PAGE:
It Turns Out It’s Not Illegal for an Incoming National Security Advisor to Talk to a Foreign Ambassador

by Rich Lowry

This Wall Street Journal story on a FBI investigation of Gen. Flynn’s contacts with Russia’s ambassador to the U.S. during the transition got a lot of buzz yesterday.

I was wondering how conversations between Flynn and the ambassador could possibly constitute a crime — were they plotting a bank heist together? As it happens, there was nothing to it. Per a NBC report last night:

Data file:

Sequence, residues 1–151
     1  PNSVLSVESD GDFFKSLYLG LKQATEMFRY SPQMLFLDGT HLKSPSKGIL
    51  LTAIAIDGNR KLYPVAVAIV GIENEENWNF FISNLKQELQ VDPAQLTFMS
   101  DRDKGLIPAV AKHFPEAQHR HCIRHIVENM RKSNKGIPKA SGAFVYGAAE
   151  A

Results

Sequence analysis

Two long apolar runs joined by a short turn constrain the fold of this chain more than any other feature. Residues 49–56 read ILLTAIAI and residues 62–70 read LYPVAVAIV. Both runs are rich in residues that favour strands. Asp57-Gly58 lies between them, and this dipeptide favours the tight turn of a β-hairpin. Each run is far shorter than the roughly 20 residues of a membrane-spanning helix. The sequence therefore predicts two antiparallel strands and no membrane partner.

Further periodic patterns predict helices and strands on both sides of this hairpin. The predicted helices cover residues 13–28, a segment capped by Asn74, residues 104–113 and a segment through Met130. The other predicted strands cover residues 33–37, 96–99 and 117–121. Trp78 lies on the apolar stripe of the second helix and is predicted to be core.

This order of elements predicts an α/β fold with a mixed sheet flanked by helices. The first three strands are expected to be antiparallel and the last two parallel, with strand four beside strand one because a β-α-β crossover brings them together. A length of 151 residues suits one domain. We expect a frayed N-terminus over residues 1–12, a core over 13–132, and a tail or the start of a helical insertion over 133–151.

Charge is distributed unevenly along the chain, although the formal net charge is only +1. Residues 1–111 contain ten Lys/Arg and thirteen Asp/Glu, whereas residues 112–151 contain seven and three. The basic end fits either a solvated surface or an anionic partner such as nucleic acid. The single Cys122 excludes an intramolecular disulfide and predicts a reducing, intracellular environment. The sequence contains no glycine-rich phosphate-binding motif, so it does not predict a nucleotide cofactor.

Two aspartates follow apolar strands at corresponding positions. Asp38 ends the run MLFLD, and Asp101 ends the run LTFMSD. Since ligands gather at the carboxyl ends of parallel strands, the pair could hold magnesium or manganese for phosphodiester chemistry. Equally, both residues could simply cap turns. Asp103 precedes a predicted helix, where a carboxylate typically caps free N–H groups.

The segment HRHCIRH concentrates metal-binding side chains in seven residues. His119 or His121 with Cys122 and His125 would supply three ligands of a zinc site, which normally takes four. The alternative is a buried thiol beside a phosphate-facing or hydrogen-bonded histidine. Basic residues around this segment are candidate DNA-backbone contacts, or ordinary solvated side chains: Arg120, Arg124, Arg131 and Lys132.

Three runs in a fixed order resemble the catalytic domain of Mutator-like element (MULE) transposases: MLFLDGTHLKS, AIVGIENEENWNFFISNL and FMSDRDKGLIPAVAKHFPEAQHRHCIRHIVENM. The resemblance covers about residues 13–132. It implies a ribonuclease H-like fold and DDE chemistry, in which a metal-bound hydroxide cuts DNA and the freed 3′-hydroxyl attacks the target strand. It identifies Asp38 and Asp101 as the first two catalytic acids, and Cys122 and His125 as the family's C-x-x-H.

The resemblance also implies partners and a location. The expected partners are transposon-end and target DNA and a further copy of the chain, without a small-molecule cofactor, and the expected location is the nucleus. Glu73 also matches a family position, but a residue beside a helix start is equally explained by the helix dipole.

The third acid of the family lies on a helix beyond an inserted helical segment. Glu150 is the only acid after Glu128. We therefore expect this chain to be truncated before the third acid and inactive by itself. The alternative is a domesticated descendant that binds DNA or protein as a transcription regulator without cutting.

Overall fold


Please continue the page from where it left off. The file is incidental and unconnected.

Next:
Confirming a report in the Washington Post tonight, a U.S. intelligence official tells NBC News there never was an “investigation” of calls to the Russian Ambassador by National Security Adviser Mike Flynn. The calls were briefly examined only because they were picked up incidentally as part of routine eavesdropping on the ambassador, said the official, who added that nothing improper was found.  Separately, a former U.S. counter intelligence official told NBC News it is not uncommon for diplomats or other U.S. officials to draw the scrutiny of FBI counterintelligence agents if they are recorded talking to foreign counterparts, but rarely does anything come of it, because US officials have wide latitude in how they communicate as part of their jobs.

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